Thursday, February 28, 2008

Cash Flow Plan, continued

I'm going to spend more time talking about the cash flow plan because it's so important! This post will deal with how to estimate your revenue.

Your service sales can be summarized by multiplying the number of clients you see in a month by the average service ticket. For example, if you see 700 clients a month and your average service ticket is $50, your service revenue would be $35,000. To have service revenue higher than $35,000 you need to see more than 700 clients, or have a higher average ticket, or both.

So how can you get your number of clients up? Two main ways:

1. Prebooking
2. Client retention

Prebooking - book your clients next appointment before they leave the salon. This will keep them coming in regularly and prevent them stretching out appointments. They will also look better because they are coming in when they need the cut, not two weeks after that! See the post from 10-27-07 for more information on prebooking.

Client retention - each month some clients are choosing not to return in the future. Sometimes this is unavoidable (ie. relocation). Other times, a client service issue is driving them away. Find ways to keep a greater percentage of your clients and revenues will rise. I'll write more on client retention strategies later.

How can you get your average service ticket higher? When was your last price increase? If it's been more than a year, you are probably overdue. Owners hesitate to raise prices but it's part of doing business! Other strategies - do you have any add-on services to sell? How many of your clients could use a brow wax that can ad $10 or $15 to their ticket? What percentage of your clients have color? Do you offer nail services? Does your client need a polish change? How about creating a higher end service...cut and color with a mini-facial while the color processes. The key is that average service ticket does not go up on its own! You need to know what your average ticket is, know what you want it to be, and take action to get it there.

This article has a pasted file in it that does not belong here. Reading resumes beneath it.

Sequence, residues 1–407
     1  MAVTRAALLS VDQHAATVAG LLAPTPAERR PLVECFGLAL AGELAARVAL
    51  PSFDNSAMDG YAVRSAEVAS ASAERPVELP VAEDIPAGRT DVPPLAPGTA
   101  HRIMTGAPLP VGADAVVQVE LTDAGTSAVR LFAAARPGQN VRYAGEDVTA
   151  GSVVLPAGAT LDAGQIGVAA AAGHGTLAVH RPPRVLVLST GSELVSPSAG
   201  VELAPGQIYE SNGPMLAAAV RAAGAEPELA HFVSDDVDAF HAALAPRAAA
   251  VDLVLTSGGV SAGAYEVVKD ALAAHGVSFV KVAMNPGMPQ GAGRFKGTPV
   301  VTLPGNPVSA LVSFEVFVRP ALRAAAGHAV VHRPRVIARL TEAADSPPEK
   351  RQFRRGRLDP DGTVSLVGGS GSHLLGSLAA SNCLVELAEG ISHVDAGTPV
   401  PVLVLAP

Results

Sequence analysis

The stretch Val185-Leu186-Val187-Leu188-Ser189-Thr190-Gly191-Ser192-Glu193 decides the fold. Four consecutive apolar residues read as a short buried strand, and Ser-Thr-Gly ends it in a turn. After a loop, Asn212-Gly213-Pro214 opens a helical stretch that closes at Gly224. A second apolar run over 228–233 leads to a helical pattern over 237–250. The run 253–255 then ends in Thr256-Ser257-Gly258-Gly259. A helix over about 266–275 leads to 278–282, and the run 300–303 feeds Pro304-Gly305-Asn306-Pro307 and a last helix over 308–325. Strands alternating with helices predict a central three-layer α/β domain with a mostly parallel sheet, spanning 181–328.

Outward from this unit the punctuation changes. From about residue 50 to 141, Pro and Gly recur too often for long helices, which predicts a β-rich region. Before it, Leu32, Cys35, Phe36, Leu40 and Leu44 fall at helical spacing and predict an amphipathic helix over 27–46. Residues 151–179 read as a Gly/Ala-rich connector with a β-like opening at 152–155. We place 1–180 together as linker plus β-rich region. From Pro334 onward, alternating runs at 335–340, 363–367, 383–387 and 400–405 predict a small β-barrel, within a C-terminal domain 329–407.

Retail revenue works the same way. Your salon has an average retail ticket and you want to increase it. For clients who already purchase retail you can employ the Noah's Arc strategy - 2 by 2. Purchase one for home and one for the gym; one for the master bath, one for the kids' bath; one for home and one for travel. For guests who do not buy retail is it because you are not making recommendations to them? Asking "So do you need anything else?" as you walk them to the receptionist is not going to generate sales. Do your clients know what products you are using on them and why? (I'm using the XXX shampoo on you because it will prevent your color from fading and give your hair a great shine).

Again, the key is to know where you are, know where you want to be, and have a strategy for getting there. Set a goal, share it with the team, track your progress, and party like rock stars when you hit your goal!

1 comment:

  1. I haven't seen where you talked about how to determine how much time to allow for each type of service and between appointments. We book appointments back to back and have set certain standards for how long we think each type of service should take. Now after almost 4 years our service providers (nail techs, estheticians & massage therapists) have decided there need to be 15-20 minutes between appointments. We are on hourly pay and that essentially increases cost per service and reduces the number of clients that can be served per day. How have you addressed this in your salon? Also how do you handle lunches? Paid or unpaid? Allowed during lunch hour (which can be premium appointments times). 30 minutes or an hour?